I’m delighted to report that Prof. Kurt Lash (Illinois) and Prof. Neil Siegel (Duke) will be guest-blogging this week on the Constitution and federal power. This isn’t quite a debate, since their arguments differ somewhat in scope; but I thought their perspectives would still provide helpful counterpoints to each other, and would be interesting on their own.
Prof. Lash will be blogging chiefly about his new article, “Resolution VI”: The Virginia Plan and Authority to Resolve Collective Action Problems Under Article I, Section 8. To quote the abstract of the article,
In the past few years, a number of influential constitutional scholars such as Jack Balkin, Robert Cooter, Andrew Koppelman, Neil Siegel and others have called for doing away with the traditional principle of judicially limited enumerated power and replacing it with the principle declared in Resolution VI of the Virginia Plan originally introduced in the Philadelphia Constitutional Convention. According to Resolution VI, federal power should be construed to reach all matters involving the “general interests of the Union,” those “to which the “states separately are incompetent” and those affecting national “harmony.” Resolution VI advocates maintain that, under this principle, Congress has power to regulate all collective action problems of national importance. In support of their claim, Resolution VI advocates argue that the members of the Philadelphia Convention adopted Resolution VI and sent the same to the Committee of Detail with the expectation that the resulting text would be based on this overriding principle of national power, and that they accepted the text of Article I, Section 8 as the enactment of Resolution VI. These scholars also claim (or rely on the claim) that Philadelphia Convention member James Wilson publicly declared during the ratification debates that the framers based Article I, Section 8 on the principle of Resolution VI.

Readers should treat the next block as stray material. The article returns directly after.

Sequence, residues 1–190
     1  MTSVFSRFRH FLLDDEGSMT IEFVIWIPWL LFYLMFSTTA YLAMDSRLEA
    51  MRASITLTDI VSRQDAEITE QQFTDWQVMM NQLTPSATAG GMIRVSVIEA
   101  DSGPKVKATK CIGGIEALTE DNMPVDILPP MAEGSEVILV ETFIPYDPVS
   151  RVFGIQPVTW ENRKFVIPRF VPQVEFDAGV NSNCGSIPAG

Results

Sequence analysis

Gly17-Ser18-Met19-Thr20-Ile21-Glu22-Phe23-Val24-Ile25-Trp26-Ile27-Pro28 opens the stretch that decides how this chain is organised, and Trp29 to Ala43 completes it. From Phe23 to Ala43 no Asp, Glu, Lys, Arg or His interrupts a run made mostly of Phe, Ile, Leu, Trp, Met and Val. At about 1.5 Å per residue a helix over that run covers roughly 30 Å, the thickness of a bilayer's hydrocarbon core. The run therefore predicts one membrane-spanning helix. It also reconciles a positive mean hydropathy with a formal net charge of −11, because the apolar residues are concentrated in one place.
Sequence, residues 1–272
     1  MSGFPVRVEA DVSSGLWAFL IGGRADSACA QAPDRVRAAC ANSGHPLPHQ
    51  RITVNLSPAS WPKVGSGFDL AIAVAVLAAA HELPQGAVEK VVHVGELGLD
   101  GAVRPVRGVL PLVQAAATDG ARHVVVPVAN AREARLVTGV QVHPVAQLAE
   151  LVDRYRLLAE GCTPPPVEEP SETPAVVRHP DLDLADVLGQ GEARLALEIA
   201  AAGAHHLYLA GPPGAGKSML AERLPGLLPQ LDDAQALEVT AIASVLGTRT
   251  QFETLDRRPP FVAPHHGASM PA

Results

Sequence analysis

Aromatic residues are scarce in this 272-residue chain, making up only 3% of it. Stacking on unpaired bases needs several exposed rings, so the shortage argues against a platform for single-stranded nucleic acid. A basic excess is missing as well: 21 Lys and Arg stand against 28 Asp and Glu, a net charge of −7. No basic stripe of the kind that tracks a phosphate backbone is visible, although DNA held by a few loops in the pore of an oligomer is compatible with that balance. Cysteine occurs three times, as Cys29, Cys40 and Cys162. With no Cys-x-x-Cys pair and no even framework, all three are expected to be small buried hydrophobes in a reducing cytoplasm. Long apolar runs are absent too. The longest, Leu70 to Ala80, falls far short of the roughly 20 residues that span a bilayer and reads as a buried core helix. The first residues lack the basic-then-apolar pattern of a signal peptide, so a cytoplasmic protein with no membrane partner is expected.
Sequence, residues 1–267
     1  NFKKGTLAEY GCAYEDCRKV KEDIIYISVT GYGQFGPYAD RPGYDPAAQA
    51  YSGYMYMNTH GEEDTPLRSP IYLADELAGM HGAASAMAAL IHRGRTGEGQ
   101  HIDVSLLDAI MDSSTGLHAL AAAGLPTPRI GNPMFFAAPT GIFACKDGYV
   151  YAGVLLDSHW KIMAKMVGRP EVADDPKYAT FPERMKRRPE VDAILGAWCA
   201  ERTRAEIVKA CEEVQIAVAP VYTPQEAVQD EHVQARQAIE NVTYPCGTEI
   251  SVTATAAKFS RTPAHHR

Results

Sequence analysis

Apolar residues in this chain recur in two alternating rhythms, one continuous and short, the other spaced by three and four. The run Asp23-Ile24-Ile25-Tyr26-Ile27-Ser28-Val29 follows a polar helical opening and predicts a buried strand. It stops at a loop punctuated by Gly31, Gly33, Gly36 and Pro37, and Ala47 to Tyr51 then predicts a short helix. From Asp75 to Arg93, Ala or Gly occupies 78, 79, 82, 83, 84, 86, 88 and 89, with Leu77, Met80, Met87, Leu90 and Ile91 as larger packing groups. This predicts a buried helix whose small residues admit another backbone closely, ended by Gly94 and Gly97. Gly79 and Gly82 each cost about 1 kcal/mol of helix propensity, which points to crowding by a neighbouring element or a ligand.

A close reading of the historical sources, however, shows that the framers did not view Article I, Section 8 as having operationalized the general principle of Resolution VI and allowing federal action in all cases in which the “states separately are incompetent.” In fact, they expressly stated otherwise. Even more importantly, it turns out that there is no historical evidence that Resolution VI played any role whatsoever during the ratification debates. Claims to the contrary are based on an error of historical fact.
Prof. Siegel’s work relies partly on Resolution VI, though only partly. His theory of collective action federalism, developed with Robert Cooter of U.C. Berkeley Law, draws from Founding-era history, from evidence in the constitutional text, from subsequent historical understandings and mistakes, and from the ideas of modern economics to provide a structural account of the American federal system established in part by Article I, Section 8. According to the theory, the various clauses of Section 8 form a coherent set, not a collection of unrelated powers. Coherence comes from the connection that the specific powers have to collective action problems that the federal government can address more effectively than the states can address by acting alone. The states often cannot achieve an end when doing so requires multiple states to cooperate.
According to collective action federalism, the clauses of Section 8 empower Congress to solve collective action problems that predictably frustrate the states. In the language of the Commerce Clause, such problems are “among the several States.” Conversely, problems that do not pose collective action problems for the states are internal to a state or local. They are beyond the scope of federal power. Thus the foundation of federalism in Section 8 flows from the relative advantages of the federal government and the states. The theory of collective action federalism reads the clauses of Section 8 as giving the federal and state governments the power to do what each does best.
I’m much looking forward to both Prof. Lash’s and Prof. Siegel’s posts.